Nothing could have suited Alan Merrick better, and he said so at once. Herminia disappeared for a moment to get her hat. Alan observed almost without observing it that she was gone but for a second. She asked none of that long interval that most women require for the simplest matter of toilet. She was back again almost instantly, bright and fresh and smiling, in the most modest of hats, set so artlessly on her head that it became her better than all art could have made it. Then they started for a long stroll across the breezy common, yellow in places with upright spikes of small summer furze, and pink with wild pea-blossom. Bees buzzed, broom crackled, the chirp of the field cricket rang shrill from the sand-banks. Herminia's light foot tripped over the spongy turf. By the top of the furthest ridge, looking down on North Holmwood church, they sat side by side for a while on the close short grass, brocaded with daisies, and gazed across at the cropped sward of Denbies and the long line of the North Downs stretching away towards Reigate. Tender grays and greens melted into one another on the larches hard by; Betchworth chalk-pit gleamed dreamy white in the middle distance. They had been talking earnestly all the way, like two old friends together; for they were both of them young, and they felt at once that nameless bond which often draws one closer to a new acquaintance at first sight than years of converse. "How seriously you look at life," Alan cried at last, in answer to one of Herminias graver thoughts. "I wonder what makes you take it so much more earnestly than all other women?"
"It came to me all at once when I was about sixteen," Herminia answered with quiet composure, like one who remarks upon some objective fact of exernal nature. "It came to me in listening to a sermon of my father's,--which I always look upon as one more instance of the force of heredity. He was preaching on the text, 'The Truth shall make you Free,' and all that he said about it seemed to me strangely alive, to be heard from a pulpit. He said we ought to seek the Truth before all things, and never to rest till we felt sure we had found it. We should not suffer our souls to be beguiled into believing a falsehood merely because we wouldn't take the trouble to find out the Truth for ourselves by searching. We must dig for it; we must grope after it. And as he spoke, I made up my mind, in a flash of resolution, to find out the Truth for myself about everything, and never to be deterred from seeking it, and embracing it, and ensuing it when found, by any convention or preconception. Then he went on to say how the Truth would make us Free, and I felt he was right. It would open our eyes, and emancipate us from social and moral slaveries. So I made up my mind, at the same time, that whenever I found the Truth I would not scruple to follow it to its logical conclusions, but would practise it in my life, and let it make me Free with perfect freedom. Then, in search of Truth, I got my father to send me to Girton; and when I had lighted on it there half by accident, and it had made me Free indeed, I went away from Girton again, because I saw if I stopped there I could never achieve and guard my freedom. From that day forth I have aimed at nothing but to know the Truth, and to act upon it freely; for, as Tennyson says,--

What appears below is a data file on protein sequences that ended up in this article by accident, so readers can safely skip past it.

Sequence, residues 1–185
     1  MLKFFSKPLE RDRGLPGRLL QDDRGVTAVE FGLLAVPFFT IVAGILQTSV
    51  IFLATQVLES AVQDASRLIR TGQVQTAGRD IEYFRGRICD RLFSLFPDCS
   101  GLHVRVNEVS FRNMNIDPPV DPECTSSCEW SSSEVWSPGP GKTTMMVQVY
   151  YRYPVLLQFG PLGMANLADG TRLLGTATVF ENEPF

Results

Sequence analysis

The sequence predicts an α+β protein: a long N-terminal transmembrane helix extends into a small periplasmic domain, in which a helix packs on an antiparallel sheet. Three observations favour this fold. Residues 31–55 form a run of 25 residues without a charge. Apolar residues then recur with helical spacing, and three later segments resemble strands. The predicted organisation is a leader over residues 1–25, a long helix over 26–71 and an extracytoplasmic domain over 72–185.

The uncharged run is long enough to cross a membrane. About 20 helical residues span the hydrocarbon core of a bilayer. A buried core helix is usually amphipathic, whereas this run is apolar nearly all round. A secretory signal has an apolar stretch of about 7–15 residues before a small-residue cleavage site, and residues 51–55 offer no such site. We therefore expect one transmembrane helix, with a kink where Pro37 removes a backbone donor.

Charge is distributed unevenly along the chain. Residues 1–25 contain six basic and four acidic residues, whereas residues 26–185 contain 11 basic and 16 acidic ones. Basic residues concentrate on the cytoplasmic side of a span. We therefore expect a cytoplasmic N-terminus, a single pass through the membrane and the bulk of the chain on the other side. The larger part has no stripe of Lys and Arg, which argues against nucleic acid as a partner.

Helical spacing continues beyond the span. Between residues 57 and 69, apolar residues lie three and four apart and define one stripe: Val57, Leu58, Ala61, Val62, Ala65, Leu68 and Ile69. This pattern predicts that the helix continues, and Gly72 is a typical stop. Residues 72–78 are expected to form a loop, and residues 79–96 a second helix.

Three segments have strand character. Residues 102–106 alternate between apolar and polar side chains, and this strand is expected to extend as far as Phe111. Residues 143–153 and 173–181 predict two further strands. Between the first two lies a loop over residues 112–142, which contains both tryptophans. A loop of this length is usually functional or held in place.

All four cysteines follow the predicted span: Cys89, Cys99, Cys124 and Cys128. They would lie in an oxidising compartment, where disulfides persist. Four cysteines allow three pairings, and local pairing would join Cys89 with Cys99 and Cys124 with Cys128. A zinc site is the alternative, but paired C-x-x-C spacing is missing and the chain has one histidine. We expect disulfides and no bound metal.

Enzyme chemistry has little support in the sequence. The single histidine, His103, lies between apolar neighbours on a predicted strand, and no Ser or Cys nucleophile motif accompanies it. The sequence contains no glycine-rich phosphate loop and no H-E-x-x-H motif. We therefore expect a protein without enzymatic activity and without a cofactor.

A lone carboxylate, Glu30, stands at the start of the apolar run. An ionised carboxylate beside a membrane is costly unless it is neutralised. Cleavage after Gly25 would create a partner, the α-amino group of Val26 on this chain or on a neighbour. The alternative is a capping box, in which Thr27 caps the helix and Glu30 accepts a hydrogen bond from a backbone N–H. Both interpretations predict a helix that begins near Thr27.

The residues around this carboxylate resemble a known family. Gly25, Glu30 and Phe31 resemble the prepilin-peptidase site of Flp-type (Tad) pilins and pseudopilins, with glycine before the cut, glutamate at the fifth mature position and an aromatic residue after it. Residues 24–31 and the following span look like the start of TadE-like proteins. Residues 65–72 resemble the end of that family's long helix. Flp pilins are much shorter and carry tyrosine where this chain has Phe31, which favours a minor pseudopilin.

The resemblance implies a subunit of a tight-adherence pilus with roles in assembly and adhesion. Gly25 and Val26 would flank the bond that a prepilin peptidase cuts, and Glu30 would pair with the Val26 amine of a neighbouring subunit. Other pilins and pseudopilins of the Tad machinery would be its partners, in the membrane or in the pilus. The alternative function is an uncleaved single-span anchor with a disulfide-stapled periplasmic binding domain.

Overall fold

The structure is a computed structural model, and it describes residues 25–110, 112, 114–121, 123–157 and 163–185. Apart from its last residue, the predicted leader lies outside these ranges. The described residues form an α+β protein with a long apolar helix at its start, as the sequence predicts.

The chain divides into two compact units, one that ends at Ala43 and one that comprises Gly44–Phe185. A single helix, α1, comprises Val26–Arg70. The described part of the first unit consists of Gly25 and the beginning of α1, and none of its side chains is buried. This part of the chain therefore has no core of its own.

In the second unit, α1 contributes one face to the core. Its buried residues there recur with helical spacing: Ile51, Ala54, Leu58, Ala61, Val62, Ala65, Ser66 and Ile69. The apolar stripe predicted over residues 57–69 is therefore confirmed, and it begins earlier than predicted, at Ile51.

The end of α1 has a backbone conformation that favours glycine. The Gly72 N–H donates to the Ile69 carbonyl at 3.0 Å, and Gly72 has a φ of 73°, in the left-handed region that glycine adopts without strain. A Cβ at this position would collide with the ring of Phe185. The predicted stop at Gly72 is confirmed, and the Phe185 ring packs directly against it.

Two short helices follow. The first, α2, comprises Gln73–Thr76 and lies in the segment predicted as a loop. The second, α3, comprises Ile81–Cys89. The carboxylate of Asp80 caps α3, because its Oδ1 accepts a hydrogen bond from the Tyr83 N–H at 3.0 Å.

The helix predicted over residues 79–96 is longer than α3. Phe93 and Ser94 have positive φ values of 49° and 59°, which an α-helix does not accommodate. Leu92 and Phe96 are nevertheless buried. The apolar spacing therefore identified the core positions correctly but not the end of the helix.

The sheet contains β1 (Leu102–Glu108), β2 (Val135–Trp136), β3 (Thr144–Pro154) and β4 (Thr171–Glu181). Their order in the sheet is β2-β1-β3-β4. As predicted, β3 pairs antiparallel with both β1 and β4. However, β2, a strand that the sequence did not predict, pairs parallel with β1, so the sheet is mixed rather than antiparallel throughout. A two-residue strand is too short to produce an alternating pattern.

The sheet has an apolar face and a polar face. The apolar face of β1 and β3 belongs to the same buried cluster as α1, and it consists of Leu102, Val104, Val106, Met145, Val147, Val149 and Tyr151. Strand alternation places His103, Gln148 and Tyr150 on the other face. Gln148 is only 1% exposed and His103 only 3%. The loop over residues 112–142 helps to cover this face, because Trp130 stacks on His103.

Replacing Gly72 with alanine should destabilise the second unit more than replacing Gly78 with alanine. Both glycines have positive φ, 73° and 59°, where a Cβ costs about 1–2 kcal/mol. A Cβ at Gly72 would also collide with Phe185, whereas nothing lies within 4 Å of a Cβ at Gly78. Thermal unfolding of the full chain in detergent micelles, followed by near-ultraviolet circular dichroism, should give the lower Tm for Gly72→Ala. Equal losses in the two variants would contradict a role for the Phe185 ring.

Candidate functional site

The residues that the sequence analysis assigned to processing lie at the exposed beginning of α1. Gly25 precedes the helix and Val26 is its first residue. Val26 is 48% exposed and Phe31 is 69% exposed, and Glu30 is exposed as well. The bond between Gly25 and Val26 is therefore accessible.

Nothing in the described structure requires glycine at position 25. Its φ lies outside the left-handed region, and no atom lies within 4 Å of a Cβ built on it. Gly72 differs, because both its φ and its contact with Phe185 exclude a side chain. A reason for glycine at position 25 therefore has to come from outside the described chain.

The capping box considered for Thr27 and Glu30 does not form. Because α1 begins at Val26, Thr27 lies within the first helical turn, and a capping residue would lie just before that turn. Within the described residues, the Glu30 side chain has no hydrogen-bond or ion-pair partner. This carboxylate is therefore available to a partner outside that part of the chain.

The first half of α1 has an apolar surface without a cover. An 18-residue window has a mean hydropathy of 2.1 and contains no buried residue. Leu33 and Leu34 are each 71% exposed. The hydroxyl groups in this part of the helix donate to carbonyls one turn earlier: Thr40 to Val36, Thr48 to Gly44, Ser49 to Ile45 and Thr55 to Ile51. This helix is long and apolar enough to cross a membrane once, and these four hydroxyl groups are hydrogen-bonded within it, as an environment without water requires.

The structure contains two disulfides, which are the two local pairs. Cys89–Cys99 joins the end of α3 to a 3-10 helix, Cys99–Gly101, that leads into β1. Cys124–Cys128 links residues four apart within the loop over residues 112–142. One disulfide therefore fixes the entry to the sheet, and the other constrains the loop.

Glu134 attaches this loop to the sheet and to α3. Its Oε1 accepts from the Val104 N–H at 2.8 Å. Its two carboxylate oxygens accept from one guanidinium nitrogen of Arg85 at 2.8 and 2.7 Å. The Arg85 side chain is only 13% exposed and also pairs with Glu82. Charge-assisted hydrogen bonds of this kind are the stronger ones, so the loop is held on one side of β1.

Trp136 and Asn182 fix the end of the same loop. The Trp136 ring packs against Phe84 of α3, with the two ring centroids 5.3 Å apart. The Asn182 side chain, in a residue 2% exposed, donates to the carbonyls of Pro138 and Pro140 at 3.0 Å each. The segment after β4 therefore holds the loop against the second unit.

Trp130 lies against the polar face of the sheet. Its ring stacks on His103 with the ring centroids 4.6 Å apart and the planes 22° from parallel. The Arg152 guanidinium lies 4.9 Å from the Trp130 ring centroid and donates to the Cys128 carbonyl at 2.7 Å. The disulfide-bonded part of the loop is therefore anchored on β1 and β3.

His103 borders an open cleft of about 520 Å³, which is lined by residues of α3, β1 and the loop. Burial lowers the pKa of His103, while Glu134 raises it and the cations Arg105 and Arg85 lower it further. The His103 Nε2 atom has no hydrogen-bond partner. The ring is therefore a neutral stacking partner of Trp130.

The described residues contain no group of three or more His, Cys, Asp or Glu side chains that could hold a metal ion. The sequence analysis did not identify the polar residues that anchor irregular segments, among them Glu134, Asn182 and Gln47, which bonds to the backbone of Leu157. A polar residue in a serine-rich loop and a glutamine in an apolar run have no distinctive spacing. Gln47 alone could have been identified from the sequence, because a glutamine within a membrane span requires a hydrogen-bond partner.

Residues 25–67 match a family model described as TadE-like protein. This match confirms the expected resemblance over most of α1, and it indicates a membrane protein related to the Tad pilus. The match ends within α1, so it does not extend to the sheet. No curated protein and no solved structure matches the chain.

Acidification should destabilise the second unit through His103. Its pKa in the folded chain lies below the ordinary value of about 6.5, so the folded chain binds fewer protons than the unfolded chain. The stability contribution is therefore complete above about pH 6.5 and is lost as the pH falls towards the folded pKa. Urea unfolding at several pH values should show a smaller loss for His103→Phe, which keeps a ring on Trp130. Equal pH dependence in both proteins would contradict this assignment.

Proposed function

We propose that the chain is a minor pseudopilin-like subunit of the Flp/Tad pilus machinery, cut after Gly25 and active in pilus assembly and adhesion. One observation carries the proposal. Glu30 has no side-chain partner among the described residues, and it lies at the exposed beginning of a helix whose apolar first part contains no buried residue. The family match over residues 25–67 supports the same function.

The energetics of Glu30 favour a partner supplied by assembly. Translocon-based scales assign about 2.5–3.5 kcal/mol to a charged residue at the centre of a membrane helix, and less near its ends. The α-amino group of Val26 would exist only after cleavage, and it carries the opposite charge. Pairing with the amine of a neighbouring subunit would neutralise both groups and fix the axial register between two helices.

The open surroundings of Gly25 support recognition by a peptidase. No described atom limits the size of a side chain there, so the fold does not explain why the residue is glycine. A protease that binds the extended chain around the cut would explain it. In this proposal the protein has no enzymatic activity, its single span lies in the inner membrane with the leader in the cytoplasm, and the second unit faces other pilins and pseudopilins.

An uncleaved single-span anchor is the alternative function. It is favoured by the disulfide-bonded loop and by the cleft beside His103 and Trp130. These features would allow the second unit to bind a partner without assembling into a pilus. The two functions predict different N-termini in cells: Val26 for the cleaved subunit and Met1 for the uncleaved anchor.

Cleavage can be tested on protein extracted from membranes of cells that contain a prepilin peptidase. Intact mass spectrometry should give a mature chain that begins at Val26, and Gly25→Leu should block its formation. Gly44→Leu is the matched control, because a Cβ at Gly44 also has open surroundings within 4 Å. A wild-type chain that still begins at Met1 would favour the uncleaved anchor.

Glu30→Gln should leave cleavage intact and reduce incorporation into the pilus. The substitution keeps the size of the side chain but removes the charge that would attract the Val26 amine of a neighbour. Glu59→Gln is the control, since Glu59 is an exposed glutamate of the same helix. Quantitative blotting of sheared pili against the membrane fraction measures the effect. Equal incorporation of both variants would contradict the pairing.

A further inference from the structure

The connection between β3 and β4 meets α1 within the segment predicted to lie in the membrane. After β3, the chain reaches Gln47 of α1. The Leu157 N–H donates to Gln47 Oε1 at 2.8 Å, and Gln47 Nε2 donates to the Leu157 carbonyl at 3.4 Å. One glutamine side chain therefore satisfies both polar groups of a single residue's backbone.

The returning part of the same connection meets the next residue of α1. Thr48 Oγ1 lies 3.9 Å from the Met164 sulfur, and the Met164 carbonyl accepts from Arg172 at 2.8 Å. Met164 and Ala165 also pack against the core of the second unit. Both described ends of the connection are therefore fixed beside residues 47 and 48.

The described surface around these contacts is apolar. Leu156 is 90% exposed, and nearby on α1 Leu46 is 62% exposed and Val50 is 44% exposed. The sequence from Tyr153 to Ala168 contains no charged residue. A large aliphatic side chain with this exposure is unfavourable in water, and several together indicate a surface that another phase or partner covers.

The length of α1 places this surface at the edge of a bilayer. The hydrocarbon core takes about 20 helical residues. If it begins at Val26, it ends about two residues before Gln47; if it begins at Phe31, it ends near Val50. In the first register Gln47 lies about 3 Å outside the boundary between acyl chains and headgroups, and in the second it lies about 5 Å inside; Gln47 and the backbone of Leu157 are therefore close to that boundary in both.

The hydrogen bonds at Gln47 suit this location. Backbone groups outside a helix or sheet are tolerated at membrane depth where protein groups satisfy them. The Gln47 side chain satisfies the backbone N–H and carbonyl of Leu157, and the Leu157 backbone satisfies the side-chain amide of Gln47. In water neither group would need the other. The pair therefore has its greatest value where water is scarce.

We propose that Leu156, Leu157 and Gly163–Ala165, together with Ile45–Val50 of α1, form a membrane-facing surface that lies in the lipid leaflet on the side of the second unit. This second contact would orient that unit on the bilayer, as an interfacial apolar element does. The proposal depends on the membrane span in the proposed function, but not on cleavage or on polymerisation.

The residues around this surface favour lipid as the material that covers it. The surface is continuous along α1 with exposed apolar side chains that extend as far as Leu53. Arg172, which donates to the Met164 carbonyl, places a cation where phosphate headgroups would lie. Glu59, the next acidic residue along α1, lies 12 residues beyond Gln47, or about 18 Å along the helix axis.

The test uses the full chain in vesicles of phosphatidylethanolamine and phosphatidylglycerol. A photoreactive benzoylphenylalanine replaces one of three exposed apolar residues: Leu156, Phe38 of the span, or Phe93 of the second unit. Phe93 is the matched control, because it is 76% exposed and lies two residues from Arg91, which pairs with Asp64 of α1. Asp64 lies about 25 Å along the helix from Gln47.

'To live by law Acting the law we live by without fear, And because right is right to follow right, Were wisdom in the scorn of consequence.'"
She broke off suddenly, and looking up, let her eye rest for a second on the dark thread of clambering pines that crest the down just above Brockham. "This is dreadfully egotistical," she cried, with a sharp little start. "I ought to apologize for talking so much to you about my own feelings."
Alan gazed at her and smiled. "Why apologize," he asked, "for managing to be interesting? You, are not egotistical at all. What you are telling me is history,--the history of a soul, which is always the one thing on earth worth hearing. I take it as a compliment that you should hold me worthy to hear it. It is a proof of confidence. Besides," he went on, after a second's pause, "I am a man; you are a woman. Under those circumstances, what would otherwise be egotism becomes common and mutual. When two people sympathize with one another, all they can say about themselves loses its personal tinge and merges into pure human and abstract interest."
Herminia brought back her eyes from infinity to his face. "That's true," she said frankly. "The magic link of sex that severs and unites us makes all the difference. And, indeed, I confess I wouldn't so have spoken of my inmost feelings to another woman."